posted on Oct, 7 2015 @ 09:15 PM
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a reply to: Lucidparadox


…and a reddish atmospheric fog.


Ewww, gotta see that. Impactor residual heat, maybe?



posted on Oct, 7 2015 @ 09:16 PM
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a reply to: Lucidparadox

All explained in the link I provided.



posted on Oct, 7 2015 @ 09:19 PM
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a reply to: Lucidparadox

Wouldn't it be great if they found an ocean under the crust? The tidal forces from Pluto's many Moons might just cause enough internal friction for there to be an ocean under the ice.



posted on Oct, 7 2015 @ 09:34 PM
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Oh wow, you guys had fun with this haven't you. There is only one passage side doesn't matter



posted on Oct, 7 2015 @ 10:12 PM
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originally posted by: lostbook
a reply to: Lucidparadox

Wouldn't it be great if they found an ocean under the crust? The tidal forces from Pluto's many Moons might just cause enough internal friction for there to be an ocean under the ice.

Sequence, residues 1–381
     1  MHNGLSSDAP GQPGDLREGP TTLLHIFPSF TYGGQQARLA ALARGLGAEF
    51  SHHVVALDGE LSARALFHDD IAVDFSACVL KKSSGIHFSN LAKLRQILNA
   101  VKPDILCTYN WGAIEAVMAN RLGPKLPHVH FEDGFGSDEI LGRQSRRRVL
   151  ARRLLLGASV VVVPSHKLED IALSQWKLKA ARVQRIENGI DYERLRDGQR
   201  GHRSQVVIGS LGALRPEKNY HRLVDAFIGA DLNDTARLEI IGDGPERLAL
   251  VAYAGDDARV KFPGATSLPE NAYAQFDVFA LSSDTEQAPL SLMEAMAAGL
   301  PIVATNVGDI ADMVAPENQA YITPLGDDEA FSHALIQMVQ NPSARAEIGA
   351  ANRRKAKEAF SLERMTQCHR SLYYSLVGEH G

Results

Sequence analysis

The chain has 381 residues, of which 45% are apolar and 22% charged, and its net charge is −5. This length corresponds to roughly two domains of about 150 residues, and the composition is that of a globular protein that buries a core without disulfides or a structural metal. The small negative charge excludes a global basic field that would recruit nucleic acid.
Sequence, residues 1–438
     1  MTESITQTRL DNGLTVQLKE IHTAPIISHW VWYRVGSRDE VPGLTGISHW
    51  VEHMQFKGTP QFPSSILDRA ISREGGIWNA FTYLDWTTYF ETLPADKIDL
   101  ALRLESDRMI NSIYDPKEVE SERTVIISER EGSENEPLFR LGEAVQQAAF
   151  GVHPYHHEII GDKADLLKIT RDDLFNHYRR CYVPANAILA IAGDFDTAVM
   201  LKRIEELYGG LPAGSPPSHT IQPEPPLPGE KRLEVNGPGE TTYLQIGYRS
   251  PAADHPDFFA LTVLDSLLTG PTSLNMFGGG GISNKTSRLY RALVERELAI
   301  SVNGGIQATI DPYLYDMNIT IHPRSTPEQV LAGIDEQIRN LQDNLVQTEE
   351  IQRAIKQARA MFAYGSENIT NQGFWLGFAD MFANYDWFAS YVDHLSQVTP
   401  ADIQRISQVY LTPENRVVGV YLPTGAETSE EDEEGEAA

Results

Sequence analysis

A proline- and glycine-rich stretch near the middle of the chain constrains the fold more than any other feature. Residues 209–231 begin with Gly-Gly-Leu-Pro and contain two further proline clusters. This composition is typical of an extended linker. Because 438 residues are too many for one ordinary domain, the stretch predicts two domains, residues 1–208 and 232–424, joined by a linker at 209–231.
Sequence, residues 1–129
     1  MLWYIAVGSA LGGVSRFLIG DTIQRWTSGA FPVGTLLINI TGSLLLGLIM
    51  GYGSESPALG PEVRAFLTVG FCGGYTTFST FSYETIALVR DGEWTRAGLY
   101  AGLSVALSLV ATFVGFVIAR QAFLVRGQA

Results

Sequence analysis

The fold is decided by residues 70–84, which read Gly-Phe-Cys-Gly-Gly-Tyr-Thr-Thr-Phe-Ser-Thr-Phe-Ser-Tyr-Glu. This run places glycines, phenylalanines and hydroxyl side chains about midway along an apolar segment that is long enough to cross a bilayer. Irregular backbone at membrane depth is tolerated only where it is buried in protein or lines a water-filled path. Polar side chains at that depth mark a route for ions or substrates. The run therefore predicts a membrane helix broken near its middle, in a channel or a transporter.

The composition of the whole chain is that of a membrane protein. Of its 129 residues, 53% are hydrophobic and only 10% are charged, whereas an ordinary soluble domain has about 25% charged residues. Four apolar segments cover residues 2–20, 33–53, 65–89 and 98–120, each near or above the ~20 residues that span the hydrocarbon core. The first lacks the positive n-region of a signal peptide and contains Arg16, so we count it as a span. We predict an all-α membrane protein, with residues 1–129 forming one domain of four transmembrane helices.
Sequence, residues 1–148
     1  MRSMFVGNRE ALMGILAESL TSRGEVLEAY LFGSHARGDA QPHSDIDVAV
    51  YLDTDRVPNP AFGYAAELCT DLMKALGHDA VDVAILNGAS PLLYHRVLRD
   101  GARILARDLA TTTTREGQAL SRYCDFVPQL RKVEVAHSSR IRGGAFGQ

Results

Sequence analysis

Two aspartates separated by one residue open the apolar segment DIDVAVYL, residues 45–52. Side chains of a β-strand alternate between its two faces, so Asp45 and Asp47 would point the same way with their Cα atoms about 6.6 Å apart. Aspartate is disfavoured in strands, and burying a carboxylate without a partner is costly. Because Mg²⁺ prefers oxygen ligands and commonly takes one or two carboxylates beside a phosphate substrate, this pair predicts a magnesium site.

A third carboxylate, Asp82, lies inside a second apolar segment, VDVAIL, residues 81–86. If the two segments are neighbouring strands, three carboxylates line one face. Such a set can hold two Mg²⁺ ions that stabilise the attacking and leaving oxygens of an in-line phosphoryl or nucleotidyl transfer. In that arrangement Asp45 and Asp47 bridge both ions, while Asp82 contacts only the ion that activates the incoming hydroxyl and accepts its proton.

One theory surrounding the announcement on Thursday could be the discovery of frozen oceans underneath the surface of Pluto.

Theoretically, the water freezing underneath Pluto's surface could shift and crack the land, forming cold volcanoes to appear on the surface.
www.mirror.co.uk...



posted on Oct, 7 2015 @ 10:15 PM
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originally posted by: Hyperia
Oh wow, you guys had fun with this haven't you. There is only one passage side doesn't matter


Care to make a little sense?.



posted on Oct, 7 2015 @ 10:16 PM
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a reply to: Lucidparadox

DB Cooper...or snow/ice



posted on Oct, 7 2015 @ 10:43 PM
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a reply to: boymonkey74

Naah, be happy instead


One step at a time, not leap frog into s***